The Stone and The Bear

John was crouching in the low bush with his spear in his right hand, breathing shallowly to avoid being heard. His feet padded along the forest floor in measured paces. Years of experience taught him so. The sun had suddenly set, as was the risk in this time of year, and visibility in the forest was low. As sharp as his eyes were, he wasn’t sure if he was seeing a bear or a stone.

Joseph went up behind him, and whispered, “that’s totally not a bear bro”.

John just shook his head, his locks swaying in silence.

Joseph gave an exasperated look. He thought to himself, typical John, always overreacting.

John thought quickly of escape routes. Food was getting scarce, so he needed to find food, but this unexpected discovery made him reconsider staying out.

He suggested to Joseph, “why don’t you go over to the stone then, maybe there are some berries on the other side of it”.

Joseph, always one to prove himself right, took his challenge.

He marched over to the bear-stone, determined to prove that John sucked at hunting.

John watched from behind the bush, and couldn’t help but smirk when he saw Joseph freeze midway.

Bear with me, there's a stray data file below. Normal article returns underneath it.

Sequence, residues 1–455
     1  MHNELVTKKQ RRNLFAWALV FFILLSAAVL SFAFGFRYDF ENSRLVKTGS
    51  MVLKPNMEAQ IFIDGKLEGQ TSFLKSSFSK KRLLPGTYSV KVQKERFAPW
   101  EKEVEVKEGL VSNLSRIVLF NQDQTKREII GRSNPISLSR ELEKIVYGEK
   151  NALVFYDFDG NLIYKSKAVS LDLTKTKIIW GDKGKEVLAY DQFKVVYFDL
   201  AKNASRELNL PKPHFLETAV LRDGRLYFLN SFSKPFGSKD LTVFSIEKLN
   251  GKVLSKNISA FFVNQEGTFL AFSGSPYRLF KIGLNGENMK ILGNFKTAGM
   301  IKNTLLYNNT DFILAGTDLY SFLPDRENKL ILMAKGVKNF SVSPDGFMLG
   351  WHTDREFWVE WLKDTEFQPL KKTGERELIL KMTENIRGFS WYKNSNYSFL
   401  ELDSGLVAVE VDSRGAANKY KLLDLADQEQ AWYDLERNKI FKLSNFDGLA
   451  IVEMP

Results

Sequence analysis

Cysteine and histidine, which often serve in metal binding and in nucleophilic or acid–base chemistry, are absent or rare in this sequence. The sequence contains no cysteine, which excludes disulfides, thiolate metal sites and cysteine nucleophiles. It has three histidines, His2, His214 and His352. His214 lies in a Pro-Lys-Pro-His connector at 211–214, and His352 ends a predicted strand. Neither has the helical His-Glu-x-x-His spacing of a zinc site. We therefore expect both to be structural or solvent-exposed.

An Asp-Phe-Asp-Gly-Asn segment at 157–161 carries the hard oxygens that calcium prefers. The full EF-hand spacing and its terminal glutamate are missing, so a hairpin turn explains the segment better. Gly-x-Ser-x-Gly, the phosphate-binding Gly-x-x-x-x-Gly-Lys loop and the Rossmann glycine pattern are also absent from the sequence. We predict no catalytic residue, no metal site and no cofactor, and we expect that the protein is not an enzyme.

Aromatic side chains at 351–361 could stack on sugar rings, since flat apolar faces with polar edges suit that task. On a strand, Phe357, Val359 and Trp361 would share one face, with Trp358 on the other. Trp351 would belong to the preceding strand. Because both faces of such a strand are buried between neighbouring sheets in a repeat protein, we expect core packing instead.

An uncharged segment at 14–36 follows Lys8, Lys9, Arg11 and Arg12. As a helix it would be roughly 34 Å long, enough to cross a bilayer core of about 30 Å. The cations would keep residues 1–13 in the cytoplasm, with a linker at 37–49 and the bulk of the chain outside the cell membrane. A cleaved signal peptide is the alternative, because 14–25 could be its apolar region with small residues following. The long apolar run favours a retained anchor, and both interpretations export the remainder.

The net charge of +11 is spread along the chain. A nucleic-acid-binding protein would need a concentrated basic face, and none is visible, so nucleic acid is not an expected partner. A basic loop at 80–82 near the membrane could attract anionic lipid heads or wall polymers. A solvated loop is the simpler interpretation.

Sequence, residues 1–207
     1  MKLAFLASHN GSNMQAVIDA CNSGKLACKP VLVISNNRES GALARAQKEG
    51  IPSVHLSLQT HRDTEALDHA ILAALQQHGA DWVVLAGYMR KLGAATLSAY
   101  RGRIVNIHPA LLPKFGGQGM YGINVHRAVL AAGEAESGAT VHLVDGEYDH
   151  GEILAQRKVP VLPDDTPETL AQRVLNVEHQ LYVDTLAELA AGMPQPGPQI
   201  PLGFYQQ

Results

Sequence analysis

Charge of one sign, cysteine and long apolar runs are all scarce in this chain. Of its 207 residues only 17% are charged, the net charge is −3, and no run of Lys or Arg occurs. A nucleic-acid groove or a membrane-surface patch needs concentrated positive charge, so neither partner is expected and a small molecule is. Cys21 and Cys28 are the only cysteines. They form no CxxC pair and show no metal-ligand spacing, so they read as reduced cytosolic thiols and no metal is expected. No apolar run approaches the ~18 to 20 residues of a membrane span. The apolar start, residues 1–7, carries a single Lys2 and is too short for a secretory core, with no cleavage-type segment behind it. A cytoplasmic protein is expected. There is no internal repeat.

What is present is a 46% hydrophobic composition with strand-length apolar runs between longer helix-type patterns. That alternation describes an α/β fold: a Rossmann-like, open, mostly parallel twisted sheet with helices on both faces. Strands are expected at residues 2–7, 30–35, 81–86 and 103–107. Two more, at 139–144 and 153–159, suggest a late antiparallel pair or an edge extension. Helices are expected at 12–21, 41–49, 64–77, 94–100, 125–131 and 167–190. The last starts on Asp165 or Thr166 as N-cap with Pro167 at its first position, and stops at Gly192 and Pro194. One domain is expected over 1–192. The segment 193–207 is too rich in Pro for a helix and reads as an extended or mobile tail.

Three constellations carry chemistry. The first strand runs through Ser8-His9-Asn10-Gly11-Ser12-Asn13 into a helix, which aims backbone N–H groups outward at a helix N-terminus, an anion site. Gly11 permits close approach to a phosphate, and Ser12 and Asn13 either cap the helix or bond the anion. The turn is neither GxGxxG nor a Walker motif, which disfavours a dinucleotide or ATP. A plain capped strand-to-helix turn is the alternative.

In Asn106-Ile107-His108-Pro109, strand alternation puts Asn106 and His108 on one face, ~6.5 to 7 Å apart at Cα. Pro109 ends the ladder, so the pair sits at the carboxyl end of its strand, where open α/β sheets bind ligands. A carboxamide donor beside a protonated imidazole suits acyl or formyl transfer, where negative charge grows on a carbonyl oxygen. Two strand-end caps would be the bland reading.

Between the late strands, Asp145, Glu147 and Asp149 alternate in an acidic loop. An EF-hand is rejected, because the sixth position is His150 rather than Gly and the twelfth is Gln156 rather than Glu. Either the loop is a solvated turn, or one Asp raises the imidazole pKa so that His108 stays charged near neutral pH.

John left some scented herbs to cover his tracks, as he retreated to the safety of his village.

The story is an example of fragility and antifragility.

You can be antifragile (benefiting from randomness) if you are given a free option. I have the choice of this or that, and I can pick whichever works best for me. But it usually takes someone or something else being fragile. In this case, we have an uncertain choice – the bear-stone – and Joseph has an opinion. Opinions are dangerous if the opinionated person takes no risks for it. Thankfully, he did take a risk, and he paid the price. He fragilized himself to make John antifragile. The alternative is if Joseph simply said “that’s not a bear”, did nothing, and let John continue hunting as though the bear were a stone. Where do we see this today? Everywhere we read opinions, forecasts, and predictions that cause us to take more risk than necessary. Take any complex, ambiguous situation. What are the upsides? The downsides? What’s the penalty for being wrong? “Experts” can have all sorts of opinions that they don’t actually follow themselves. The people who get fancy awards for their economics theories often don’t follow their own advice when it comes to their portfolios. Ask your doctor what she would do if she were in your shoes. The engineer’s family should live under the bridge he built when it’s open to traffic.

I write this to remind myself to pay less attention to op-eds, “experts”, and journalists who have no skin in the game. To pay attention to what people do, not what they say. I never really understood this point until I thought about this story.

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